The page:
One of the confusing things about planning for retirement is trying to figure out how long it will last. It's as if I was crouched at the start of a race without any idea how long the race will be. If it's going to be short, maybe I should sprint for it and not worry too much about running out of energy. But if it's going to be a marathon I'll want to nurse my resources and watch them carefully so I don't run out too soon. But getting some idea how long the race will be means figuring out my life expectancy.
Life expectancy is a funny concept. First of all, it's not fixed, it changes all the time. When you're born you have a certain life expectancy based on the year and your sex. But every year you live increases your life expectancy a little bit. That's because each year you make it past some of the things that pushed the average down. So the older you get, the older you COULD get.
And life expectancy is just an average. So if my life expectancy is 85, that doesn't mean all i have to do is have enough resources to make it to 85 and I'm all set. It means I have a 50% chance of living at least that long. So if I have exactly enough money set aside to last until the age of my current life expectancy, I still have a 50/50 chance I'll run out of money before I die. So I need to plan farther out than that.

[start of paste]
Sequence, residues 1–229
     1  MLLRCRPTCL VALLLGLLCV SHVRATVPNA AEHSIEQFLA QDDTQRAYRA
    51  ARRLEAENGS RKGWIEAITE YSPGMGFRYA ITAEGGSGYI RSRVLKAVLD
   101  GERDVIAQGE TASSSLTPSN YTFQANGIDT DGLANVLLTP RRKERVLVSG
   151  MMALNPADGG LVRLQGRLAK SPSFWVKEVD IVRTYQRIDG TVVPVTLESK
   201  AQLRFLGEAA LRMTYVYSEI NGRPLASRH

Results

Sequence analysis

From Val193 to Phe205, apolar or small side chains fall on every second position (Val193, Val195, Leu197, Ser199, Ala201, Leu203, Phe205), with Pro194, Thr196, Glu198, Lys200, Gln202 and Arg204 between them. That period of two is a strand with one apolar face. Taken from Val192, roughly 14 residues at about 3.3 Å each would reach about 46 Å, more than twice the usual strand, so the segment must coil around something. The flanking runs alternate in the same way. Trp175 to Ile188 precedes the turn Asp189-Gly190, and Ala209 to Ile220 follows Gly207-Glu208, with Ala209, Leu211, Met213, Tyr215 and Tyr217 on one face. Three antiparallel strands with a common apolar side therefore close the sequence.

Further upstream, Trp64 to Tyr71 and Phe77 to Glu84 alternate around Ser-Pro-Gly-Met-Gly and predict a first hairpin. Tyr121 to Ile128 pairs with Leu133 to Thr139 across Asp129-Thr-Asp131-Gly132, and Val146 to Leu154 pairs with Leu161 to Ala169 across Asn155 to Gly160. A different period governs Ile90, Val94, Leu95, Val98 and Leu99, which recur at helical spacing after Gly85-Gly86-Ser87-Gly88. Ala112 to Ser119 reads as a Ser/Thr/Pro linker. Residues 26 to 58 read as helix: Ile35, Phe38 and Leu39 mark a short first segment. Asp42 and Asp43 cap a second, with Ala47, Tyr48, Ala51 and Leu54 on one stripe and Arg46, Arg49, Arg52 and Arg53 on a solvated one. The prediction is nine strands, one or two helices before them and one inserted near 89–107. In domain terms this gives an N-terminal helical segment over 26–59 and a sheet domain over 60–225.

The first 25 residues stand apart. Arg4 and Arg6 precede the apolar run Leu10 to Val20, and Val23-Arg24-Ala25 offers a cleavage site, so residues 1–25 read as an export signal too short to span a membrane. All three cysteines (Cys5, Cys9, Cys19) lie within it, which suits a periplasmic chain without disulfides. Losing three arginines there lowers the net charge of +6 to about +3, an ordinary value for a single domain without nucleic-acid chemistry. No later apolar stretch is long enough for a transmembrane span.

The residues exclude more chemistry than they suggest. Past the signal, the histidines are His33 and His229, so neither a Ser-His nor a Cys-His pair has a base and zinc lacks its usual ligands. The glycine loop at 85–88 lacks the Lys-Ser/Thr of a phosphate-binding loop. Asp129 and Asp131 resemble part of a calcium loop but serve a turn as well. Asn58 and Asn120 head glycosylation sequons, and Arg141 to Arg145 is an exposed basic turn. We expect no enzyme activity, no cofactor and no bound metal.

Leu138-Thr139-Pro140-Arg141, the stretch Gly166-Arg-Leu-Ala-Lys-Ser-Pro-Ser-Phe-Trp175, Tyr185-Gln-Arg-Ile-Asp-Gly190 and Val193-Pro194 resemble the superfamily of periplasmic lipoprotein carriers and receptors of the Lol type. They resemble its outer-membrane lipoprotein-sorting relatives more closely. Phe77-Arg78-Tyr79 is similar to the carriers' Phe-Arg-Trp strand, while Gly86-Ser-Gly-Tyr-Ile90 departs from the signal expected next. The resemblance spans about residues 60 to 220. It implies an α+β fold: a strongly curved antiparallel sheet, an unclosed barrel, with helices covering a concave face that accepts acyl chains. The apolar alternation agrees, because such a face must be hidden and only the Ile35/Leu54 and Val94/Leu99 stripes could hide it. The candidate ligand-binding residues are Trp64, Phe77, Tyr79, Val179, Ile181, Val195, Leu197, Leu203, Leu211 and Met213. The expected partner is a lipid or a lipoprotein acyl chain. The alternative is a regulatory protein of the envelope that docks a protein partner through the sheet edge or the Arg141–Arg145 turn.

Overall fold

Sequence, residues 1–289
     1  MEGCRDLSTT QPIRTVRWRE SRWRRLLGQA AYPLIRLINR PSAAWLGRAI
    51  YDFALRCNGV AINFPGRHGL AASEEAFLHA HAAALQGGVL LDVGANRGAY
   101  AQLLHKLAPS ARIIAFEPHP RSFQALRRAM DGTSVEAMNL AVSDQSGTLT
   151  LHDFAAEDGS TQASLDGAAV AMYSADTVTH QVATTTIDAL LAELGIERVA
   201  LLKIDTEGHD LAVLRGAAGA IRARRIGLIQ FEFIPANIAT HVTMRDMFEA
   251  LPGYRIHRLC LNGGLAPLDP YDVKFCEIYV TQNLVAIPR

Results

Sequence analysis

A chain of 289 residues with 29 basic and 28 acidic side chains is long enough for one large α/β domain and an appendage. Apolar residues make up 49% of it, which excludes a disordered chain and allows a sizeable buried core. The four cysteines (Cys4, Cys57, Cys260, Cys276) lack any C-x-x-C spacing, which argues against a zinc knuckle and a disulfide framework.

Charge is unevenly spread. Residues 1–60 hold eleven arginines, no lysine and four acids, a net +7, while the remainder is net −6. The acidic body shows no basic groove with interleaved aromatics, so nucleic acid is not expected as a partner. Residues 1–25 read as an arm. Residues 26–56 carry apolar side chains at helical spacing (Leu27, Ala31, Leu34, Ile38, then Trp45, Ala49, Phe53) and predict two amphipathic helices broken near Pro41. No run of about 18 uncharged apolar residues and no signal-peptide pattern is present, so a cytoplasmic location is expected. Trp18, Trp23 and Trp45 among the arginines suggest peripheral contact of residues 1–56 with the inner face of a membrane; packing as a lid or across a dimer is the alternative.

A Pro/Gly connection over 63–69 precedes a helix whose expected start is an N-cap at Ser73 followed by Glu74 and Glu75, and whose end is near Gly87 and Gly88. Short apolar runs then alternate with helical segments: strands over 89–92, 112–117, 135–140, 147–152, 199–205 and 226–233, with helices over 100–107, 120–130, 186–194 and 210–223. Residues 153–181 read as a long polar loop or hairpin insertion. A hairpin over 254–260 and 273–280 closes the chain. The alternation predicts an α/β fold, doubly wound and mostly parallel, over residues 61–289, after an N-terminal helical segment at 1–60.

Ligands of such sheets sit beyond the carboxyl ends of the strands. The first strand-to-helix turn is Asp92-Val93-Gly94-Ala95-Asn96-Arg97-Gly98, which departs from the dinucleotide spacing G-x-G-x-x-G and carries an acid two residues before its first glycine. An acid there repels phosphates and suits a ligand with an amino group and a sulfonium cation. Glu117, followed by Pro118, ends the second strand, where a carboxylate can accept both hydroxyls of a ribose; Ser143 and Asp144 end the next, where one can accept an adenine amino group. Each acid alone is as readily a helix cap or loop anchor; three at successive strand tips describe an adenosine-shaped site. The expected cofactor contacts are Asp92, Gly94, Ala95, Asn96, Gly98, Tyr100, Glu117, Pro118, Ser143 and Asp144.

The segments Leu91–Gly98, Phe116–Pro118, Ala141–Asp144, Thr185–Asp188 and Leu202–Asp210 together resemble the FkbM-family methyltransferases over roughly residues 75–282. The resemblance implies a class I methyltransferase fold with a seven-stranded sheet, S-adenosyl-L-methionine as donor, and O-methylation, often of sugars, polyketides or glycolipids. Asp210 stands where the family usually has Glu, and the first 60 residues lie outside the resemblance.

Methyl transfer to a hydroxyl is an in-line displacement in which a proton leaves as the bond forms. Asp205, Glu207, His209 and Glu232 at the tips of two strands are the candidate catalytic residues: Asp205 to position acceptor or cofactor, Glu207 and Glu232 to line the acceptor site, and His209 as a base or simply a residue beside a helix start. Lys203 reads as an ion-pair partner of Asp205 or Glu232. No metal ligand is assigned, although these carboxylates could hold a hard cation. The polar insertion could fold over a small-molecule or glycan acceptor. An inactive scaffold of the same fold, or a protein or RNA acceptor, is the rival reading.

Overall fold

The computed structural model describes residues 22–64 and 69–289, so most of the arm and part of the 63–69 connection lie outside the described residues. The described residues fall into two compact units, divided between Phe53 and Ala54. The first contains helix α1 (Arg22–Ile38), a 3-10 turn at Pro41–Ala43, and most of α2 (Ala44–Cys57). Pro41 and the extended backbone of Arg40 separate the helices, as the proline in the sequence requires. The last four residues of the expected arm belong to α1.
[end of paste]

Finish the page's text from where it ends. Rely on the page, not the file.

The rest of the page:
Thinking about this makes it really clear how important Social Security is. The money I've saved up could run out, but, in theory at least, I'll still get my Social Security check every month, so at least I'll have that.